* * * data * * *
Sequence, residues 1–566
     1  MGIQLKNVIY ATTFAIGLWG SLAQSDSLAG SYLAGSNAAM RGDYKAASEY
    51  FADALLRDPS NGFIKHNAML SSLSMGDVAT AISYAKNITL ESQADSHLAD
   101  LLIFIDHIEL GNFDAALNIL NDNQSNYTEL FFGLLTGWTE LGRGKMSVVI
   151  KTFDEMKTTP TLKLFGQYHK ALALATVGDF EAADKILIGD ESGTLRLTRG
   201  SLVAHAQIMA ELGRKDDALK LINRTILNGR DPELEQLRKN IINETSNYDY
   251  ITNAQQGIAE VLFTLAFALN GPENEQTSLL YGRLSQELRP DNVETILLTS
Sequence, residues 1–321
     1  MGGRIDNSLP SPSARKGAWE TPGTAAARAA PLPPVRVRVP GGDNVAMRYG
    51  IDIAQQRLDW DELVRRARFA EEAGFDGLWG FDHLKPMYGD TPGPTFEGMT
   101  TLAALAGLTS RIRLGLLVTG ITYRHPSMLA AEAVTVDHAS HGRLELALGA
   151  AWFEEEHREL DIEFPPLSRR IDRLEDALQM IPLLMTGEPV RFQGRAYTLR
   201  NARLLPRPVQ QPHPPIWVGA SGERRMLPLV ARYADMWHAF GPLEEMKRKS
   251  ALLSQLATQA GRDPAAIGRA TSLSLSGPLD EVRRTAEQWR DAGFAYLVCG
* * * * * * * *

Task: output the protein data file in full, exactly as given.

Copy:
Sequence, residues 1–566
     1  MGIQLKNVIY ATTFAIGLWG SLAQSDSLAG SYLAGSNAAM RGDYKAASEY
    51  FADALLRDPS NGFIKHNAML SSLSMGDVAT AISYAKNITL ESQADSHLAD
   101  LLIFIDHIEL GNFDAALNIL NDNQSNYTEL FFGLLTGWTE LGRGKMSVVI
   151  KTFDEMKTTP TLKLFGQYHK ALALATVGDF EAADKILIGD ESGTLRLTRG
   201  SLVAHAQIMA ELGRKDDALK LINRTILNGR DPELEQLRKN IINETSNYDY
   251  ITNAQQGIAE VLFTLAFALN GPENEQTSLL YGRLSQELRP DNVETILLTS
Sequence, residues 1–321
     1  MGGRIDNSLP SPSARKGAWE TPGTAAARAA PLPPVRVRVP GGDNVAMRYG
    51  IDIAQQRLDW DELVRRARFA EEAGFDGLWG FDHLKPMYGD TPGPTFEGMT
   101  TLAALAGLTS RIRLGLLVTG ITYRHPSMLA AEAVTVDHAS HGRLELALGA
   151  AWFEEEHREL DIEFPPLSRR IDRLEDALQM IPLLMTGEPV RFQGRAYTLR
   201  NARLLPRPVQ QPHPPIWVGA SGERRMLPLV ARYADMWHAF GPLEEMKRKS
   251  ALLSQLATQA GRDPAAIGRA TSLSLSGPLD EVRRTAEQWR DAGFAYLVCG